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The International Journal of Oral & Maxillofacial Implants
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Int J Oral Maxillofac Implants 25 (2010), No. 6     15. Dec. 2010
Int J Oral Maxillofac Implants 25 (2010), No. 6  (15.12.2010)

Page 1137-1144, PubMed:21197490


Effect of Splinting Mini-Implants on Marginal Bone Loss: A Biomechanical Model and Clinical Randomized Study with Mandibular Overdentures
Jofre, Jorge / Cendoya, Patricio / Muñoz, Paola
Purpose: This aim of this study was to evaluate the effect of splinting mini-implants on marginal bone loss when used to retain mandibular overdentures.
Materials and Methods: With mathematical models, a finite element analysis was performed to compare the bone stress distribution around two miniimplants, either splinted with a bar superstructure or not splinted. In the clinical portion of this study, 90 mini-implants were placed in the anterior mandibles of 45 completely edentulous patients selected from a public health center. Patients were randomly allocated into two groups. Group-ball (22 patients, n = 44) received two single ball-type mini-implants, and group-bar (23 patients, n = 46) received two mini-implants splinted with a prefabricated bar. All implants were placed using a flapless technique and loaded immediately. Marginal bone loss was assessed through standardized retroalveolar radiographs of each mini-implant and compared 5, 10, 15, and 24 months after implant placement.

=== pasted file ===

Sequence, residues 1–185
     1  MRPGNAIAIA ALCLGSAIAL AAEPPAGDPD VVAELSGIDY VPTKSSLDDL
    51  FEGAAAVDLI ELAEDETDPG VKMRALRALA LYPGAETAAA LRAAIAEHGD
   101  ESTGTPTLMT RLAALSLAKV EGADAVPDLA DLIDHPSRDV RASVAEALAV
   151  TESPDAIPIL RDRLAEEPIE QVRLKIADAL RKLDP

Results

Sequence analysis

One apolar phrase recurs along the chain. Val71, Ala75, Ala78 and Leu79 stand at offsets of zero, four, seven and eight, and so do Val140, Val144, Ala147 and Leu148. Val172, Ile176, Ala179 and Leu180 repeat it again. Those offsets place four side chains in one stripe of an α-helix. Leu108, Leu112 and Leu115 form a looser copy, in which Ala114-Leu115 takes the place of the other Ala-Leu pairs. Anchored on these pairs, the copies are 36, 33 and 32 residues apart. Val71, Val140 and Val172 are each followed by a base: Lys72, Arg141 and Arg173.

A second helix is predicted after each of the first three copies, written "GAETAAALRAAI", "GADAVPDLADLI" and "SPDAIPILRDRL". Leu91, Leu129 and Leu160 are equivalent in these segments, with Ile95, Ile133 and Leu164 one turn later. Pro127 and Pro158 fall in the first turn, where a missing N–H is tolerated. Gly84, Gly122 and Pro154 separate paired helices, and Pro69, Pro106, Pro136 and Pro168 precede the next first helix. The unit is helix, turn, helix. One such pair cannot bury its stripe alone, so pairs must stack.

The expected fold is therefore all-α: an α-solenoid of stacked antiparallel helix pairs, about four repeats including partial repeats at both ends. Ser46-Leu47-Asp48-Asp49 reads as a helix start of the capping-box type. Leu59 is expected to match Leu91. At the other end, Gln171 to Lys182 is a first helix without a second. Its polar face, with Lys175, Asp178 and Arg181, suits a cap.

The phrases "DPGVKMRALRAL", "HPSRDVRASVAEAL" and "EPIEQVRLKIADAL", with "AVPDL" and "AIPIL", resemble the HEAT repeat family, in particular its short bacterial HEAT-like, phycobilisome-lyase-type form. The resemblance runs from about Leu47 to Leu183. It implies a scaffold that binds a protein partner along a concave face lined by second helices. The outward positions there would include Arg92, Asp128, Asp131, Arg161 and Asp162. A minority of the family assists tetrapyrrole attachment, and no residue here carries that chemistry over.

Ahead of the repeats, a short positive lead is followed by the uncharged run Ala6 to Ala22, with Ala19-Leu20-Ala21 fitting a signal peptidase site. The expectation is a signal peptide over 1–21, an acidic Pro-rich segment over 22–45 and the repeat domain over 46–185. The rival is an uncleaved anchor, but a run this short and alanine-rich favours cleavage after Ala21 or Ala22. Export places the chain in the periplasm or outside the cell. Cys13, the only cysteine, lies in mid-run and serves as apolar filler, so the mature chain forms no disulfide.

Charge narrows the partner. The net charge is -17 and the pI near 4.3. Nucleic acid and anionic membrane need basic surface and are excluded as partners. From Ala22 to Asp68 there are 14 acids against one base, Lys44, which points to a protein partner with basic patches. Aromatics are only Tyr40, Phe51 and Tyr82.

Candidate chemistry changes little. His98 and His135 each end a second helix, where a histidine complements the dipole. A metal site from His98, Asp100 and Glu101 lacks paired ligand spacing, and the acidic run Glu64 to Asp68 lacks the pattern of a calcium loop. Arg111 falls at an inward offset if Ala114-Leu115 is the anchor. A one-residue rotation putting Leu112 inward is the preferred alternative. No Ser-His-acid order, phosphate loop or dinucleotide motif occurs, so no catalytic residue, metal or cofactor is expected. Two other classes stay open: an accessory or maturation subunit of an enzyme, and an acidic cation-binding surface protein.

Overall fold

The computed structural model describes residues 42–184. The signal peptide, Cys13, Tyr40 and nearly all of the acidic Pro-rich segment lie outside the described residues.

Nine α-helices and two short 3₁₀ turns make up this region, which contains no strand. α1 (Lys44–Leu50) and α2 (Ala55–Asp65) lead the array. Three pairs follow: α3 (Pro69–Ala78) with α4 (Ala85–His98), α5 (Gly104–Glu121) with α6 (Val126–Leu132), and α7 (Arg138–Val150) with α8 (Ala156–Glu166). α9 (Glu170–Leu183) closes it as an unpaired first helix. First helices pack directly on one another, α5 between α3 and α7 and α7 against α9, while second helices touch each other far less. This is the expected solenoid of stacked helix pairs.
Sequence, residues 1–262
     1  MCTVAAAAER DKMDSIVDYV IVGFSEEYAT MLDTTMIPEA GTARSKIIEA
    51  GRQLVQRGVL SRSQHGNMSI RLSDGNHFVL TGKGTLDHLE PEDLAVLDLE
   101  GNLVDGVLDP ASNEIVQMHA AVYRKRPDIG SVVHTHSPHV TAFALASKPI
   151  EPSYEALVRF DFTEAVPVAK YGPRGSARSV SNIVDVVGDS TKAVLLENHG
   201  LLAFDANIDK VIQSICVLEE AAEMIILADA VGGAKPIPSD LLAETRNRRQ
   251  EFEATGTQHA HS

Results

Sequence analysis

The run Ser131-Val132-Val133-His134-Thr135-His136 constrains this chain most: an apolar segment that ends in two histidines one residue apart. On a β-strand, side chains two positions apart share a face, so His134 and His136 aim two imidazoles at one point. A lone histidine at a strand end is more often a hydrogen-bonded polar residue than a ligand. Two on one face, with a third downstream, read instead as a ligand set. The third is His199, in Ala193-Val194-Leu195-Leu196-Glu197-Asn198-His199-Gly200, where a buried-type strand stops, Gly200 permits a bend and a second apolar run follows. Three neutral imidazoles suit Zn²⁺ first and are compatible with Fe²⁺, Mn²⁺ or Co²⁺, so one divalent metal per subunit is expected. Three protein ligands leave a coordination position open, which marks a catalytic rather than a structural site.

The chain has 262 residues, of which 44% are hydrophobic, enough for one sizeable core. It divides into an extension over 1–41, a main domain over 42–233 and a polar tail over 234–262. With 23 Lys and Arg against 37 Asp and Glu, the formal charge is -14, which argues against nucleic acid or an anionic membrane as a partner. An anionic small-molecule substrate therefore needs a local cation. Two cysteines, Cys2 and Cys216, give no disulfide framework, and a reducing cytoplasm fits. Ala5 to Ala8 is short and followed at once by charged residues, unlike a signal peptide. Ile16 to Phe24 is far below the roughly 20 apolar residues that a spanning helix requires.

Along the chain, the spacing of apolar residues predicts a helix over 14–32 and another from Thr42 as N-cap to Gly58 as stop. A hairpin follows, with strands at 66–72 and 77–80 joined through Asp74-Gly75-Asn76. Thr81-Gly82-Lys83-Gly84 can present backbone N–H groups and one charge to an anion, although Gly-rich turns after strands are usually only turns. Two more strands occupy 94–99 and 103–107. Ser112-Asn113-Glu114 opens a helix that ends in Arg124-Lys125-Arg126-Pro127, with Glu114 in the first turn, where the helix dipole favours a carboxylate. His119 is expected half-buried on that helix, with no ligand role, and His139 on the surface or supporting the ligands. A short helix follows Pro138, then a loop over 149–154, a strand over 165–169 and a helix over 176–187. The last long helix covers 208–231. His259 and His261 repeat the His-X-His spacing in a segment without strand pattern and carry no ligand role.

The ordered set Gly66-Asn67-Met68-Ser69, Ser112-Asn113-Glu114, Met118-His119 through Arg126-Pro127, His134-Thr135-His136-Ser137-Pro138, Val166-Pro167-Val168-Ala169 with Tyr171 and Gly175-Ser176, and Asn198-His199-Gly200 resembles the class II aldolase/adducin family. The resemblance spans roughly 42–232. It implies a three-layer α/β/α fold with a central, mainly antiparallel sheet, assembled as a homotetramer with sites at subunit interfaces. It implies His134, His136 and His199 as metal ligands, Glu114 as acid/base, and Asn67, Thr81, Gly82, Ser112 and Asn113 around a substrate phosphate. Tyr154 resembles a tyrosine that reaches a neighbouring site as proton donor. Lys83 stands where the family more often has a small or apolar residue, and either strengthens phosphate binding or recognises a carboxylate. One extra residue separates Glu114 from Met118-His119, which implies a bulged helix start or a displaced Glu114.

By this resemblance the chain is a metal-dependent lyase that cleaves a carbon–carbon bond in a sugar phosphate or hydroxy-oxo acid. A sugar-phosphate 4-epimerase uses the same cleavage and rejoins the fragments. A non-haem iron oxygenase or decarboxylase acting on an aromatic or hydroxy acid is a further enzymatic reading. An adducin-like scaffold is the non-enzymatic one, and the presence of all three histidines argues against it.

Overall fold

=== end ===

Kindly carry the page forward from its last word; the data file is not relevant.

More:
Results: The finite element analysis showed the highest minimum principal stress (-118 MPa) in bone surrounding the unsplinted mini-implant, while around the splinted implants the principal stresses were -56.8 MPa. After 2 years of follow-up in the clinical study, group-ball showed a trend toward greater marginal bone loss than group-bar (1.43 ± 1.26 mm and 0.92 ± 0.75 mm, respectively). Group-ball showed a significantly higher prevalence of vertical bone loss than group-bar (chi-square test, two-tailed).
Conclusion: Splinted mini-implants with a rigid superstructure decrease the bone stress level in comparison with single mini-implants. The effects of bone stress magnitude may explain the clinical outcome, in which splinted mini-implants supporting a mandibular overdenture showed less marginal bone loss compared with nonsplinted mini-implants. Vertical bone resorption morphology was significantly more prevalent in the latter group.

Keywords: biomechanics, marginal bone loss, mini-implant, overdentures, splinting